Don't let the name fool you — watch complications are not complicated. They're actually pretty common and (generally) easy to understand. 

So what are watch complications? And what are some examples of common watch complications? 

You're in the right place to find out more about these watch parts.

Let's unravel what defines a watch complication and then get into a few examples of complications you might already be familiar with! 

What are Watch Complications?

The term 'watch complication' refers to anything on a watch that is an added feature. If you don't need the feature to tell the time (the core function of a watch) or wear your timepiece, then that feature is a complication. Complications come in a wide range of types, from the super simple to the extraordinarily complex.

Let's put a watch complication list under the magnifying glass to give you an idea of what to expect when dealing with one. 

5 Types of Watch Complications 

Here are five of the most common types of watch complications out there today.

Keep in mind that these are talked about from the perspective of analog watches. But digital watches (like the Regulus Expedition) can be complicated too! 

Chronograph and date display watch complications on Sentry Chrono

Date Display

A date window or other type of date display is probably the most common type of watch complication you'll come across. And it does exactly what the name says!

Date displays are watch face complications. They can be a simple date window, featuring the numerical date, or the slightly more complex day-date window, which features the day of the week in addition to the date.

Some of the most complex date displays include the triple or perpetual calendar. You can find a simple date window on our Sentry Chrono, and the day-date window on the Sentry Leather

Chronograph

Another common type of watch complication is the chronograph. Chronographs are essentially stopwatches that track time over a determined period. On analog watches, the chronograph is stopped and started with a pusher that can be on either side of the watch.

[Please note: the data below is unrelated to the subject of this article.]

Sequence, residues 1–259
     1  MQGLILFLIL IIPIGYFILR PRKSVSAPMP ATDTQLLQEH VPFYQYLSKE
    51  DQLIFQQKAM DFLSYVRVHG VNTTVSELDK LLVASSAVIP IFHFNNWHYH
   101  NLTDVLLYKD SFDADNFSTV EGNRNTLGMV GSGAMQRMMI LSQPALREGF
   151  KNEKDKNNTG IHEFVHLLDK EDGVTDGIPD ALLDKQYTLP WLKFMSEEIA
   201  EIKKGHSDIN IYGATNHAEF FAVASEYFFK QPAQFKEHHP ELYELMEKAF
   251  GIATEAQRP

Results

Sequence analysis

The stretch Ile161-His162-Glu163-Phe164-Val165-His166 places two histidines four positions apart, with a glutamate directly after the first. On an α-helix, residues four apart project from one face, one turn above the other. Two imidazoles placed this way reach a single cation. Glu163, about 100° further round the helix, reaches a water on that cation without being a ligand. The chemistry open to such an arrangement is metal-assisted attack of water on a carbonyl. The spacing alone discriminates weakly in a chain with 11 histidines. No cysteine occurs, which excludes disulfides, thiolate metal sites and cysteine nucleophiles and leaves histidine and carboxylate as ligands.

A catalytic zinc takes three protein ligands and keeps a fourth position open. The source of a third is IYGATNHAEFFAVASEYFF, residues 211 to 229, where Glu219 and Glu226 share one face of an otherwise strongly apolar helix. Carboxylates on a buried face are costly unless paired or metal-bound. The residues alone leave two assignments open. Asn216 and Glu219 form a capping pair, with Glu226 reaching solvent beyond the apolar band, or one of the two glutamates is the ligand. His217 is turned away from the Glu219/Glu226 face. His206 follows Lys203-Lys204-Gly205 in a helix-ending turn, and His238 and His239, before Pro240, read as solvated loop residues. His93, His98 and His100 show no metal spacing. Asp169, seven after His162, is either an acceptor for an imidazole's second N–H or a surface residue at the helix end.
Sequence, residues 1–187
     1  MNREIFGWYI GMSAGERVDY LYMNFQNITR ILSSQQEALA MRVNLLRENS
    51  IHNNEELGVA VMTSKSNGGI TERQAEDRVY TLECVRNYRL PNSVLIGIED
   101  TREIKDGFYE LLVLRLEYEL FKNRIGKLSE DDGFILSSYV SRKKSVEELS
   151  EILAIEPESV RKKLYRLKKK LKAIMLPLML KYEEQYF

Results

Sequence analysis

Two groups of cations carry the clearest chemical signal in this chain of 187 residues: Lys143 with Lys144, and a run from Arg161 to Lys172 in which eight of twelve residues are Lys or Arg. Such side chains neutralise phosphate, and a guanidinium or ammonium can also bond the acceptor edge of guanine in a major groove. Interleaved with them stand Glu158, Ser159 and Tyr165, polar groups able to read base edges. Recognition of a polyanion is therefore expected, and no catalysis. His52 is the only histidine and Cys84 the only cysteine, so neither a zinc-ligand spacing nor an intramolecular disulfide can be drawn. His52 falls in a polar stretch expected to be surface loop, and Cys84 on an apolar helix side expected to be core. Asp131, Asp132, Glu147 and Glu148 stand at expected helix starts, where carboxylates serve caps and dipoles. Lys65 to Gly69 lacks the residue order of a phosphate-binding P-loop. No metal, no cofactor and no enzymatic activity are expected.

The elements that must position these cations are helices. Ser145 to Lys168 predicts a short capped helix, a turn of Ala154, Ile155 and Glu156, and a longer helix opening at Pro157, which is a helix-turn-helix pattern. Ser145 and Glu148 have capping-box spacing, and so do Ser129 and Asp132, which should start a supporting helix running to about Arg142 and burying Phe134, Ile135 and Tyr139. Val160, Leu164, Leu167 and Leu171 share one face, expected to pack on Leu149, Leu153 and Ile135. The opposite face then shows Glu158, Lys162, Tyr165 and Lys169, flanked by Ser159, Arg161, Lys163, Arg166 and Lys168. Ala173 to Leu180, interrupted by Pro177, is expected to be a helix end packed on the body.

These types of Chronograph watches will also usually include additional small dials that are set right into the face of the watch and that are used to track units of time.

The Nixon 51-30 is an excellent example of a watch with a chronograph around the watch bezel.

Chronograph vs. Chronometer

These terms seem similar, but they're quite different. A chronograph is a stopwatch that tracks time, and a chronometer is just a watch that has received a certification for its precision. 

Close up of the Nixon 51-30 Chronograph watch complication

Dual Time Zones

Dual time zone complications allow a person to track time across two separate time zones. The larger main dial is used to track the current time zone (or the time zone at home while traveling). And secondary dials on the watch face are used to track a secondary time zone. 

Moon Phase Complication

One of the coolest types of watch complications, one that withstands the tides of time, is the moon phase complication. This feature was originally used by sailors to track tides, but today it makes for a beautiful watch aesthetic.

A watch that features the phases of the moon will tell the wearer if it's currently a new, full, half or quarter moon. 

Alarm Function

It may seem simple, but a quartz or mechanical watch that comes with an alarm is actually considered a complicated watch. 

This isn't a comprehensive list of all the complications you might find, but these are some of the most common. Other types of complications include the perpetual calendar complication, the power reserve indicator and more. 

For watch enthusiasts, watches with unique complications are an excellent addition to any collection.